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Lest it discomfort us.—Lucilius, come;-
come, young Cato; let us to the field. Labeo, and Flavius, set our battles on:'Tis three o'clock; and, Romans, yet ere night We shall try fortune in a second fight. [E.reunt.
ANOTHER PART OF THE FIELD.
Alarum. . Enter fighting, soldiers of both armies;
then Brutus, Cato, Lucilius, and Others. Bru. Yet, countrymen, 0, yet hold up your
heads ! Cato. What bastard doth not? Who will go
[charges the enemy. Bru. And I am Brutus, Marcus Brutus, I; Brutus, my country's friend; know me for Brutus.
[Exit, charging the enemy. Cato is over
powered, and falls. Luci. O young and noble Cato, art thou down? Why, now thou diest as bravely as Titinius; And may'st be honour'd, being Cato's son.
1 Sold. Yield, or thou diest. Luci,
Only I yield to die: There is so much, that thou wilt kill me straight;
[Offering money. Kill Brutus, and be honour'd in his death.
1 Sold. We must not.-A noble prisoner! 2 Sold. Room, ho! Tell Antony, Brutus is ta’en. 1 Sold. I'll tell the news.—Here comes the ge
Ant. Where is he?
Luci. Safe, Antony; Brutus is safe enough:
ANOTHER PART OF THE FIELD.
Enter Brutus, Dardanius, Clitus, Strato, and
Volumnius. Bru. Come, poor remains of friends, rest on this
rock. Cli. Statilius show'd the torch-light; but, my
lord, He came not back; he is or ta’en, or slain. .
Bru. Sit thee down, Clitus: Slaying is the word; It is a deed in fashion. Hark thee, Clitus.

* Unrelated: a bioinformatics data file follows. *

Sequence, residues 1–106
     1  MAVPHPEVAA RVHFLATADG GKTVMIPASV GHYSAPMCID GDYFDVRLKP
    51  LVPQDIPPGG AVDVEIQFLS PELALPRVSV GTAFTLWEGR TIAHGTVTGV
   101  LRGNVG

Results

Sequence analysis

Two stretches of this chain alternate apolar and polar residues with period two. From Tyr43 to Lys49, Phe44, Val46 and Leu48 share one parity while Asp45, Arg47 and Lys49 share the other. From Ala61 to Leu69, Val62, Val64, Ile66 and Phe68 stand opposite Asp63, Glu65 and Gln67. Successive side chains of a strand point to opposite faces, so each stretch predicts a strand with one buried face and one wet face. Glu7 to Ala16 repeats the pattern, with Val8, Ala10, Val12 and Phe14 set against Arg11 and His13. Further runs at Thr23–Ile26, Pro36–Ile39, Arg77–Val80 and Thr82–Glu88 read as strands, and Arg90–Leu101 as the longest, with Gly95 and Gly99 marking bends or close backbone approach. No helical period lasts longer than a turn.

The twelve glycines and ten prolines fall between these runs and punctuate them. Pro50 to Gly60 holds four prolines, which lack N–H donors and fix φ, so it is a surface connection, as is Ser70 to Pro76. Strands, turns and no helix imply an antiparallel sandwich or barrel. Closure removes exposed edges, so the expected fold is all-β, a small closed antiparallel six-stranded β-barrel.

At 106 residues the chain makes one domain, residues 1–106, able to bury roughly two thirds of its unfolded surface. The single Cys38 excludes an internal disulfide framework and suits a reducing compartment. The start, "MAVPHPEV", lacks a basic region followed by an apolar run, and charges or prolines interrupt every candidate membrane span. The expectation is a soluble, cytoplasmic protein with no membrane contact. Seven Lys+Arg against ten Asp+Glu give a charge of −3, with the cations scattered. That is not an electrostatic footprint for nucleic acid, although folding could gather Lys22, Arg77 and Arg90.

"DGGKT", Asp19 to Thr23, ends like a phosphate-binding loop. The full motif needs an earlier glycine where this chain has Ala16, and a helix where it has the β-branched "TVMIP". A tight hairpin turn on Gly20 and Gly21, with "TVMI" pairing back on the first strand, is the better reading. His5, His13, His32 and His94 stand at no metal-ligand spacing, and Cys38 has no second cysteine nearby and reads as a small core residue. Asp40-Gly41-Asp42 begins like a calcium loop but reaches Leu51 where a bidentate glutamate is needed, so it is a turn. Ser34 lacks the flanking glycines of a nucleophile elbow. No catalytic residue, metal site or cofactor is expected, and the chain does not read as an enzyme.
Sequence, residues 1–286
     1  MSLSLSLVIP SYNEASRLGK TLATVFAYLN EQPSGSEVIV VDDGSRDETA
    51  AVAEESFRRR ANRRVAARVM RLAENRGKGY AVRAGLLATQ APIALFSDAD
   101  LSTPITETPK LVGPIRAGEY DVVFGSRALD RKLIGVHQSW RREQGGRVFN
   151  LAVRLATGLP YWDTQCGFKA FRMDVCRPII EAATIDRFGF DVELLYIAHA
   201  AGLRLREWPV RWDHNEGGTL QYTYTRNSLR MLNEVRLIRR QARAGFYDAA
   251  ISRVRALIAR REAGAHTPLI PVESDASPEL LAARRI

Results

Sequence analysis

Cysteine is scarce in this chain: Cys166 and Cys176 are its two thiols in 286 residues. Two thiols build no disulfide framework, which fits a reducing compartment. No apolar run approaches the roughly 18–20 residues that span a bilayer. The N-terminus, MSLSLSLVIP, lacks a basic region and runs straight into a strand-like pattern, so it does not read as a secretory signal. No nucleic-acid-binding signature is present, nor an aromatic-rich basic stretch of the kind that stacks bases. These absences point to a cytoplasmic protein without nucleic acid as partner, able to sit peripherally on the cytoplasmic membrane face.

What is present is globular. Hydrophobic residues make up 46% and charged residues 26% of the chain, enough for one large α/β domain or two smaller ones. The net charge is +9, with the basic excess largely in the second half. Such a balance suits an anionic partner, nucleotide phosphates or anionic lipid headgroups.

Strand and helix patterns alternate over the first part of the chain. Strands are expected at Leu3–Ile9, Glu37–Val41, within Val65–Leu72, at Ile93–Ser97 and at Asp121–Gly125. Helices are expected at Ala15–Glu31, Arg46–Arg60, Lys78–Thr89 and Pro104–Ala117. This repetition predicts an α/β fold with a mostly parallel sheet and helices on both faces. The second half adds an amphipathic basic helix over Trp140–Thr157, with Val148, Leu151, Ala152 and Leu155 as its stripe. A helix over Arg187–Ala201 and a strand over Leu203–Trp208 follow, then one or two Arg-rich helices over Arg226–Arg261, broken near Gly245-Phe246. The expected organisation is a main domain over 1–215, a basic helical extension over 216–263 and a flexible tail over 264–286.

[whispering. Cli. What, I, my lord? No, not for all the
world. Bru. Peace then, no words. Cli.
I'll rather kill myself. Bru. Hark thee, Dardanius! [whispers him. Dar.
I do such a deed? Cli. O, Dardanius! Dar. (), Clitus! Cli. What ill request did Brutus make to thee? Dar. To kill him, Clitus: Look, he meditates.
Cli. Now is that noble vessel full of grief,
Bru. Come hither, good Volumnius; list a word.
Why, this, Volumnius:
And, this last night, here in Philippi' fields.
Not so, my lord.
[Alarum still. Cli. Fly, fly, my lord; there is no tarrying here. Bru. Farewel to you;—and you;—and you, Vo
lumpius. Strato, thou hast been all this while asleep; Farewel to thee too, Strato.-Countrymen, My heart doth joy, that yet, in all my life, I found no man, but he was true to me. I shall have glory by this losing day, More than Octavius, and Mark Antony, By this vile conquest shall attain unto. So, fare you well at once; for Brutus' tonguo Hath almost ended his life's history: Night hangs upon mine eyes; my bones would rest, That have but labour'd to attain this hour.
[Alarum. Cry within; Fly, fly, fly. Cli. Fly, my lord, fly. Bru.
Hence; I will follow thee. [Exeunt Clitus, Dardanius, and Volumnius. I pr’ythee, Strato, stay thou by thy lord:
Thou art a fellow of a good respect;
Stra. Give me your hand first: Fare you well,
Bru. Farewel, good Strato.Cæsar, now be still; I kill'd not thee with half so good a will.
[He runs on his sword, and dies.
Alarum. Retreat. Enter Octavius, Antony,
Messala, Lucilius, and their Army. Oct. What man is that? Mes. My master's man.-Strato, where is thy
master: Stra. Free from the bondage you are in, Mes
sala; The conquerors can but make a fire of him; For Brutus only overcame himself, And no man else hath honour by his death. Luci. So Brutus should be found. I thank thee,
Brutus, That thou hast prov'd Lucilius' saying true. Oct. All that servid Brutus, I will entertain
Stra. Ay, if Messala will prefer me to you.
How died my master, Strato?
Mes. Octavius, then take him to follow thee, That did the latest service to my master.